Art Theft: One Of The Most Fascinating and Famous Cases in History



Art theft is an complex and ancient criminal offense. When you take a look at the a few of the most famous cases of art thefts in history, you see thoroughly prepared operations that involve art dealerships, art fakers, mobsters, ransoms, and millions of dollars. Here you can check out a few of the most popular cases of art theft in the history.

The First Theft:
The very first recorded case of art theft was in 1473, when 2 panels of altarpiece of the Last Judgment by the Dutch painter Hans Memling were taken. While the triptych was being transported by ship from the Netherlands to Florence, the ship was assaulted by pirates who took it to the Gdansk cathedral in Poland. Nowadays, the piece is shown at the National Museum in Gdansk where it was just recently moved from the Basilica of the Assumption.

The A Lot Of Famous Theft:
The most popular story of art theft involves one of the most famous paintings on the planet and among the most popular artists in history as a suspect. In the night of August 21, 1911, the Mona Lisa was taken from the Louver. Quickly after, Pablo Picasso was jailed and questioned by the cops, however was launched rapidly.

It turned out that the 30 × 21 inch painting was taken by one of the museum employees by the name of Vincenzo Peruggia, who simply brought it concealed under his coat. The criminal offense was carefully performed by a infamous con guy, Eduardo de Valfierno, who was sent by an art faker who meant to make copies and sell them as if they were the initial painting.

While Yves Chaudron, the art faker, was hectic creating copies for the popular masterpiece, Mona Lisa was still hidden at Peruggias apartment. Eventually, Peruggia was caught by the cops while attempting to sell the painting to an art dealer from Florence, Italy.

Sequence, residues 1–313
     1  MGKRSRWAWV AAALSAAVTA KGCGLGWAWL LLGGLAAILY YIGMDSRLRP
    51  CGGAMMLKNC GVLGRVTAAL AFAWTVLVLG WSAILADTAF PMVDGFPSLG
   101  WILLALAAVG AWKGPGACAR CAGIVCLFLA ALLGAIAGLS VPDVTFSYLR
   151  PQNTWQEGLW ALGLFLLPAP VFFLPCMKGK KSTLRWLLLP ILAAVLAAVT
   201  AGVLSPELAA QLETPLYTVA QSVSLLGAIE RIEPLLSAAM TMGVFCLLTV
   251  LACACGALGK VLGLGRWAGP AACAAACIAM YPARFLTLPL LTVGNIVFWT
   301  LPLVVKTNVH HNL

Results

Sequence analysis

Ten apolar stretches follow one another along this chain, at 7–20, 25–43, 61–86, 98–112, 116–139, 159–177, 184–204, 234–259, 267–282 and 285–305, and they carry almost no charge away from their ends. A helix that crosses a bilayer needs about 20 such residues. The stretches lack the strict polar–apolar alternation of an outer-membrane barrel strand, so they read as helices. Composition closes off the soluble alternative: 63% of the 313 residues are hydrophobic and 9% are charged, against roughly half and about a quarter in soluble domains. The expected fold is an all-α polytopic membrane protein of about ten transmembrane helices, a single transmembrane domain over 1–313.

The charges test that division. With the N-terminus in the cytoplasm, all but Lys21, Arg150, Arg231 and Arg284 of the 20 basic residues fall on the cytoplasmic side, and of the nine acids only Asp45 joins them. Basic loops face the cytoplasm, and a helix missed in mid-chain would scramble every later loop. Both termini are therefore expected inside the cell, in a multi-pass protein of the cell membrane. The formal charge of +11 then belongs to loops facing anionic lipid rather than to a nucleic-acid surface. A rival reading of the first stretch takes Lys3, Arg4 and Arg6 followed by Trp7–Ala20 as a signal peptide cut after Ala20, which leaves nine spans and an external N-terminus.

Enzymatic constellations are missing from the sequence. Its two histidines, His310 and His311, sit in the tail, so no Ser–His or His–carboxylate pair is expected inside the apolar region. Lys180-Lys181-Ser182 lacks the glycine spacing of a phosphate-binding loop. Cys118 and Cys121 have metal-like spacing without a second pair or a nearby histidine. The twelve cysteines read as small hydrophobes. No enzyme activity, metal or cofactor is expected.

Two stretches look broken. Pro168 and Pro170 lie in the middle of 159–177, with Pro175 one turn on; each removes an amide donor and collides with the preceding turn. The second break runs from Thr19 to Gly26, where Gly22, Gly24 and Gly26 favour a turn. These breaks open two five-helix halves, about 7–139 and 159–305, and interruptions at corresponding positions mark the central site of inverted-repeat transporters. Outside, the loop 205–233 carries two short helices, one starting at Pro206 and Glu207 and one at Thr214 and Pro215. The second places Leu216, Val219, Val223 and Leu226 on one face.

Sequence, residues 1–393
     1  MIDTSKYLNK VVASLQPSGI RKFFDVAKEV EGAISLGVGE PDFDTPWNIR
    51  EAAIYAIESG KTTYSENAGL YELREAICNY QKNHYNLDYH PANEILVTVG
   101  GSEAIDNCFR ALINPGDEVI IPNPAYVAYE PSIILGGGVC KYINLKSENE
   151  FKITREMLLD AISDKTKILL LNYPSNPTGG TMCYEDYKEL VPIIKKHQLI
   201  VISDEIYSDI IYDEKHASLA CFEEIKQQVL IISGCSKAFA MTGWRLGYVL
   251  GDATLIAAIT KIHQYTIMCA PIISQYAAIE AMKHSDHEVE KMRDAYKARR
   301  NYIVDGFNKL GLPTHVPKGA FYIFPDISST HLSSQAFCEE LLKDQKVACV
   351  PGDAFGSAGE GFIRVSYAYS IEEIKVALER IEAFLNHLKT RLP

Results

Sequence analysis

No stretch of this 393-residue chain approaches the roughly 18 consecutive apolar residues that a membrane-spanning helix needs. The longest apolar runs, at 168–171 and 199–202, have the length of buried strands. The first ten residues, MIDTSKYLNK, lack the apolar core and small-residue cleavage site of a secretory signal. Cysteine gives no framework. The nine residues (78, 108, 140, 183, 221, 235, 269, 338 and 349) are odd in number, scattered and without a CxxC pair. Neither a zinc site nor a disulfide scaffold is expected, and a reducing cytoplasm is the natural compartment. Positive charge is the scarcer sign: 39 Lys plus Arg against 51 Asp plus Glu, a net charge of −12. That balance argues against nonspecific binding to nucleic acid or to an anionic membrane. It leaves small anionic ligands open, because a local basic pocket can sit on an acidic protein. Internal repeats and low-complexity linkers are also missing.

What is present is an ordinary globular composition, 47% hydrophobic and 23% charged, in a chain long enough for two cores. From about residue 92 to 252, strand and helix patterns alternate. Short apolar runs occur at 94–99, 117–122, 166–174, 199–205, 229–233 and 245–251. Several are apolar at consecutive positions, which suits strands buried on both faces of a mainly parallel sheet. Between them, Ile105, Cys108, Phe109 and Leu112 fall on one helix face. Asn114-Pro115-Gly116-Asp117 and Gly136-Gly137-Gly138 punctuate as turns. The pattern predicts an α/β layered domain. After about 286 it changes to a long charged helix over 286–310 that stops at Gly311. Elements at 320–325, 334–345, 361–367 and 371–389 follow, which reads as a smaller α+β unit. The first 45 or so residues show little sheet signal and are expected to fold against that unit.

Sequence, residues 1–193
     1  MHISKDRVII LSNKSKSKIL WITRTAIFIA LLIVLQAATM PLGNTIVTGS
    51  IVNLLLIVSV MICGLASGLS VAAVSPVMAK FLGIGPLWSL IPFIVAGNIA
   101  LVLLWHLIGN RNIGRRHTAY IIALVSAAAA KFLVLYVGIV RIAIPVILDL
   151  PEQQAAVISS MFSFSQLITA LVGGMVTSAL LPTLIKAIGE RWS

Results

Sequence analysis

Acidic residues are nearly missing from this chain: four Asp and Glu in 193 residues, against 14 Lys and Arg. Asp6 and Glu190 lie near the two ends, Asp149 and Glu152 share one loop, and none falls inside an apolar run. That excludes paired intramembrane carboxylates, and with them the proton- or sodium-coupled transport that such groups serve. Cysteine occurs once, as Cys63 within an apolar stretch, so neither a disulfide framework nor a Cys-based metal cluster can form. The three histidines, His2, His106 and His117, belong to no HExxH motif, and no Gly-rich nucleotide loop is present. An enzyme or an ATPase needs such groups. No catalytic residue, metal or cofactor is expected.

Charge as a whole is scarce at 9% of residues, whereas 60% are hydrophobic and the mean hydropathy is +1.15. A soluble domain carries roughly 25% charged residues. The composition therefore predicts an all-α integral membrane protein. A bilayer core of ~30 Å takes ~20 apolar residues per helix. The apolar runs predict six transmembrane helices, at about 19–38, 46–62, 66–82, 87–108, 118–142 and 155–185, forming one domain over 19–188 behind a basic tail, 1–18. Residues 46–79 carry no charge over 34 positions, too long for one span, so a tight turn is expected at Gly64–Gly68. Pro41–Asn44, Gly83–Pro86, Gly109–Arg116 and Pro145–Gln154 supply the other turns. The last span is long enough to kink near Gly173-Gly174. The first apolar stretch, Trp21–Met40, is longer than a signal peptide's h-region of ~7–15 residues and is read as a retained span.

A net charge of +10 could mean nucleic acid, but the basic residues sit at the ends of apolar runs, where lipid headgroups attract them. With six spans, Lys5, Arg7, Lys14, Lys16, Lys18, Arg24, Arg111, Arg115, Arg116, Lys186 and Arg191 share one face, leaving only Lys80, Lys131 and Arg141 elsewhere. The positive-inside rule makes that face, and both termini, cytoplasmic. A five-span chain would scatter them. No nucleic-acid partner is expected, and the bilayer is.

The Greatest Theft in the U.S.A:
The greatest art theft in United States happened at the Isabella Stewart Gardner Museum. On the night of March 18, 1990, a group of thieves using authorities uniforms burglarized the museum and took thirteen paintings whose collective worth was approximated at around 300 million dollars. The burglars took 2 paintings and one print by Rembrandt, and works of Vermeer, Manet, Degas, Govaert Flinck, in addition to a French and a Chinese artifact.

Since yet, none of the paintings have actually been discovered and the case is still unsolved. Inning accordance with recent reports, the FBI are investigating the possibility that https://www.yelp.com/biz/kurt-criter-denver-2 the Boston Mob in addition to French art dealerships are linked to the criminal activity.

The Scream:
The painting by Edvard Munchs, The Scream, is most likely the most sought after painting by art burglars in history. It has been stolen twice and was just just recently recuperated. In 1994, throughout the Winter Season Olympics in Lillehammer, Norway, The Scream was stolen from an Oslo gallery by two thieves who broke through an open window, set off the alarm and left a note stating: thanks for the bad security.

Three months later on, the holders of the painting approached the Norwegian Government with an offer: 1 million dollars ransom for Edvard Munchs The Scream. The Government rejected the offer, but the Norwegian cops worked together with the British Authorities and the Getty Museum to organize a sting operation that brought back the painting to where it belongs.

While Museum authorities waiting for the thieves to request ransom money, reports declared that both paintings were burned to conceal evidence. Ultimately, the Norwegian cops discovered the two paintings on August 31, 2006 however the facts on how they were recuperated are not known.


When you look at the some of the most famous cases of art thefts in history, you see thoroughly prepared operations that include art dealers, art fakers, mobsters, ransoms, and millions of dollars. The most well-known story of art theft includes one of the most well-known paintings in the world and one of the most famous artists in history as a suspect. The crime was carefully performed by a notorious con man, Eduardo de Valfierno, who was sent out by an art faker who intended to make copies and sell them as if they were the original painting.

Eventually, Peruggia was captured by the cops while trying to sell the painting to an art dealer from Florence, Italy. The painting by Edvard Munchs, The Scream, is probably the most sought after painting by art burglars in history.

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